Following the broadband money

BDUK moves towards crisis

with 7 comments

Two usually reliable sources have said that the decision mentioned below is unlikely to relate to BDUK’s application for blanket approval for exemption from scrutiny under EU state aid rules.

One suggestion is that it relates to the UK’s postal service. This seems possible, given the information revealed in the linked document.

BDUK and DG Competition, which rules on the application, have not replied to requests for details.

Given that some high profile political careers depend on delivering “superfast” broadband to all in the next three years, it is likely that there is some pressure to bend the rules.

Getting blanket approval means up to 45 procurement contracts, most of which are expected to go to BT, will not receive independent scrutiny. It is also needed because few, if any, proposals so far, are believed to meet EU rules on state aid.

Approval is crucial to freeing up BDUK’s £530m if the UK is get get close to culture secretary Jeremy Hunt’s goal of the “best broadband in Europe by 2015”.

Approval would also scupper plans by some small independent network operators (altnets) to  sue local councils if they give money to BT (or another listed supplier) and BT then targets areas the altnets have said they will serve.  Their argument is that councils’ action would breach state aid rules. These prohibit using taxpayers’ money in areas where there is a competitive market.

Some altnets offer wireless broadband access, but there is no official record of their coverage. Local authorities are meant to consult on where basic coverage ends and so-called Next Generation Access starts. Some have been reluctant to do so. As a result, councils could face objections as soon as they issue contracts. This would delay network builds.

In addition, it would be extremely difficult to audit precisely where the money was spent, given that many “white” spots are surrounded by so-called black areas, i.e. where there is a competitive market.

BDUK is wrestling with these issues, but whatever goodwill it had in the industry has ebbed away. It has also failed to get more than BT and Fujitsu Telecom (which wants all BDUK’s money in return for a £2bn investment)  to bid for work.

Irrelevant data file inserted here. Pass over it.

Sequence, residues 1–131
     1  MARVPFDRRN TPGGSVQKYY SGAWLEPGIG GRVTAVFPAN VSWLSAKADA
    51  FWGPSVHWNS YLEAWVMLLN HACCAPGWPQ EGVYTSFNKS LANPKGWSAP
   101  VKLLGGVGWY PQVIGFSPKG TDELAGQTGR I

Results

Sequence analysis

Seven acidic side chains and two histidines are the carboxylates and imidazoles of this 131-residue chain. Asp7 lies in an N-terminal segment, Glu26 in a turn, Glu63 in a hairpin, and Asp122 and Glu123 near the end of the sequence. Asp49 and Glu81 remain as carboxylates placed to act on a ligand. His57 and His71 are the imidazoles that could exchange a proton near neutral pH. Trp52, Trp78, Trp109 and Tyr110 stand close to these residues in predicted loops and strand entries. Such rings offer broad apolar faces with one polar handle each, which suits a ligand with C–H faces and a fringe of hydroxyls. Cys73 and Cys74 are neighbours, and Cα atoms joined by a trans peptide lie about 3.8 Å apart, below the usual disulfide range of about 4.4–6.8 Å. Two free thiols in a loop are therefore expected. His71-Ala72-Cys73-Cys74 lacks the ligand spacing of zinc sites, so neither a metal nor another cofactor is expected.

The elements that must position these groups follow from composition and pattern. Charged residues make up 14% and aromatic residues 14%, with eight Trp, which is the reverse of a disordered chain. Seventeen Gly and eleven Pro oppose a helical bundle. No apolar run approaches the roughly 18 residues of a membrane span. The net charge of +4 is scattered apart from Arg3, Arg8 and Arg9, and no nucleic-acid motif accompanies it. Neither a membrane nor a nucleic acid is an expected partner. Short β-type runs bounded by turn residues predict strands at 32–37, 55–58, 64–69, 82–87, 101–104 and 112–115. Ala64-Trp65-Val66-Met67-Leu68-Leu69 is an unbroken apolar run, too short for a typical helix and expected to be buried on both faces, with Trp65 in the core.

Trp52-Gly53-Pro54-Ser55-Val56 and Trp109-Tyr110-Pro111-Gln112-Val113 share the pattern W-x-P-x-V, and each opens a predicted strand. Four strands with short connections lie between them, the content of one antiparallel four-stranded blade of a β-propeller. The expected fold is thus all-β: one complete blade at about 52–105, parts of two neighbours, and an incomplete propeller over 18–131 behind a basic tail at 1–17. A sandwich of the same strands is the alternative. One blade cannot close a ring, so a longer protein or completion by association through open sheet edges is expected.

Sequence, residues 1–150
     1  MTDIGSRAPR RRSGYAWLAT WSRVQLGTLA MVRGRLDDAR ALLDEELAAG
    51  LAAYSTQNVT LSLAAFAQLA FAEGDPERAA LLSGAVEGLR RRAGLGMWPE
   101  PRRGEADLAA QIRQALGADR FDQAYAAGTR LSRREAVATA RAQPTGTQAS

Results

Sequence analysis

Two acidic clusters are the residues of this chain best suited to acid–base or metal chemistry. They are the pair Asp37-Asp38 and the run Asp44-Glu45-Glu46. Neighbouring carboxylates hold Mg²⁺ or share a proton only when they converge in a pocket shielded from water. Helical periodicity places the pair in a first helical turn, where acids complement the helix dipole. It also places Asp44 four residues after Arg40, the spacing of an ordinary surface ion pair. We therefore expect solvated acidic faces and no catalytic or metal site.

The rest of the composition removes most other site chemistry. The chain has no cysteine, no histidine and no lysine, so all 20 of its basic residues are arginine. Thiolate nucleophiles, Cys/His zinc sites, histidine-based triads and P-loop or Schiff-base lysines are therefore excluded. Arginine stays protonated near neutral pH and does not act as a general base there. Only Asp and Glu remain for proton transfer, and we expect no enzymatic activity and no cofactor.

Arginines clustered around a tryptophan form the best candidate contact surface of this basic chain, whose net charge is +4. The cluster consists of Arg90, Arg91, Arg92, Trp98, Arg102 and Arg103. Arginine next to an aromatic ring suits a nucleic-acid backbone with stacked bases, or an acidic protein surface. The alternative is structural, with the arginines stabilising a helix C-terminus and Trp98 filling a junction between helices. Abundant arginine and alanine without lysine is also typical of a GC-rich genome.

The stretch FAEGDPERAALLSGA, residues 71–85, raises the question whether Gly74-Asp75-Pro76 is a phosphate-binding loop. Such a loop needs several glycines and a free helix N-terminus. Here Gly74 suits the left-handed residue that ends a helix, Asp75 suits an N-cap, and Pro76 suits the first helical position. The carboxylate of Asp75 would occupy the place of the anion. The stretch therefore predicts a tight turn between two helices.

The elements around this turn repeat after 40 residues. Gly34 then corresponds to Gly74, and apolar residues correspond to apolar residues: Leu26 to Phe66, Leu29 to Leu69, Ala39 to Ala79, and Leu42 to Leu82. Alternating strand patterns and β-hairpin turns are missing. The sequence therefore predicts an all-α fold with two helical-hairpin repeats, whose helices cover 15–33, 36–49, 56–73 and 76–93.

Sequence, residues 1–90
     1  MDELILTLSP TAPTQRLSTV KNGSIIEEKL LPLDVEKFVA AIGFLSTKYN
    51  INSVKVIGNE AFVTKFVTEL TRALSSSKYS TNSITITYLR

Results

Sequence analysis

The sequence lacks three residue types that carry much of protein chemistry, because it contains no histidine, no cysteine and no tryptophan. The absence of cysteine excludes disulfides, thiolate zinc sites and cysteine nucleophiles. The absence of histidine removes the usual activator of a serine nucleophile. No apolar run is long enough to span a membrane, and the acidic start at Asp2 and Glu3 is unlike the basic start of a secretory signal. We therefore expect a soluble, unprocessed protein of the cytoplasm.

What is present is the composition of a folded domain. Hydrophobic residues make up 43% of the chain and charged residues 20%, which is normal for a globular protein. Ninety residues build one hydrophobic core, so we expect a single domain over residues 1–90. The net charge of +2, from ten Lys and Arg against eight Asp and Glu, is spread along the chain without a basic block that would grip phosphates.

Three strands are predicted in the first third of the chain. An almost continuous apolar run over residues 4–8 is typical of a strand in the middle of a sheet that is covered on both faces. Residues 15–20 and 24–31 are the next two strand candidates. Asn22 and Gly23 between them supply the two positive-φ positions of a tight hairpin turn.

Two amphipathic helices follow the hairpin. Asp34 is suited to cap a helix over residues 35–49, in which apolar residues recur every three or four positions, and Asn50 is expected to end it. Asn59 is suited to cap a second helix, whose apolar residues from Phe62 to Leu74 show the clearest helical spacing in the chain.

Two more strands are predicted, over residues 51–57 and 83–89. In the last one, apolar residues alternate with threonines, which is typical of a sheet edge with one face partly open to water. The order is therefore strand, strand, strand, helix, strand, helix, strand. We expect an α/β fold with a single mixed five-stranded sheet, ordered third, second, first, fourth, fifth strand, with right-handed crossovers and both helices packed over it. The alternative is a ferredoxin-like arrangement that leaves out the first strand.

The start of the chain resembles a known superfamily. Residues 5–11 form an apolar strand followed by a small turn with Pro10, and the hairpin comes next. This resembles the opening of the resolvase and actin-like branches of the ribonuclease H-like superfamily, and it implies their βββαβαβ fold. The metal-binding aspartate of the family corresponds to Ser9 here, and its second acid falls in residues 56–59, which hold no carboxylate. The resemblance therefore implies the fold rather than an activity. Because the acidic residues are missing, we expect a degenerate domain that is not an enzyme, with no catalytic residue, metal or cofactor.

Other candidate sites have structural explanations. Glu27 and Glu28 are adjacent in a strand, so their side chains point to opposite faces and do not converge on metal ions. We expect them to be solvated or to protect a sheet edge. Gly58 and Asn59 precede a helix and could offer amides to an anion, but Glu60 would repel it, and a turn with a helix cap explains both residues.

Written by Br0kenTeleph0n3

2012/04/06 at 07:55

Posted in Uncategorized

7 Responses

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  1. Very interesting post Ian.

    Where you say “Approval is crucial to freeing up BDUK’s £530m if the UK is get get close to culture secretary Jeremy Hunt’s goal of the “best broadband in Europe by 2015″.”

    This is not of course a binary, yes/no situation, other than of BDUK’s making.

    After the fact funding that rewards results not promises is simple, effective and low cost to administer.

    Three good reasons why BDUK does want to take that approach then!

    Guy Jarvis

    2012/04/06 at 18:57

  2. State Aid approval is I think inevitable, there’s a long list of projects that have received approval in the UK and abroad where one could raise the usual arguments against, but clever people with the time dedicated to it will have ensured it’ll pass muster. The EU is fundamentally behind spreading faster broadband in the same way we have ministers etc putting their name to it.

    The broadband guidance put out by the EU asks for clawback mechanisms in areas where the subsidy can be shown to have been unnecessary, which could cover the altnet scenario. I would expect BT to use any such money elsewhere in the same contract area should that arise.

    yarwell (@yarwell)

    2012/04/07 at 09:46

    • Who will have time, energy, money and motive to do the audit that would show the the subsidy was not needed, and then prove it in court? Not the local authorities, I suspect, nor the firm that gets the business. In a competitive situation the altnet would have to spend a lot of money just to bid. Why would they throw good money after bad, just so BT could spend the money “elsewhere in the same contract area”?

      Ian Grant

      2012/05/06 at 19:44

  3. Of course, Mr Hunt is now likely to be nowhere to be seen by 2015. Has any minister or civil servant ever taken accountability for the clusterf*ck that is UK broadband?


    2012/05/05 at 14:39

  4. There’s also nothing like setting your targets after starting work (for meeting your targets) – “best broadband” scorecard promised early 2011, now estimated summer 2012 from Ofcom.

    It’s a bit like placing a bet on a horse race when it’s half way through.

    What’s the betting “best” will be stretched so far away from the normal English usage that it might as well be a Sankrit word?


    2012/05/05 at 14:42

  5. […] Fujitsu have signed contracts to supply broadband infrastructure under the BDUK framework following months of negotiation between the department of culture media and sport and the European Commission’s competition […]

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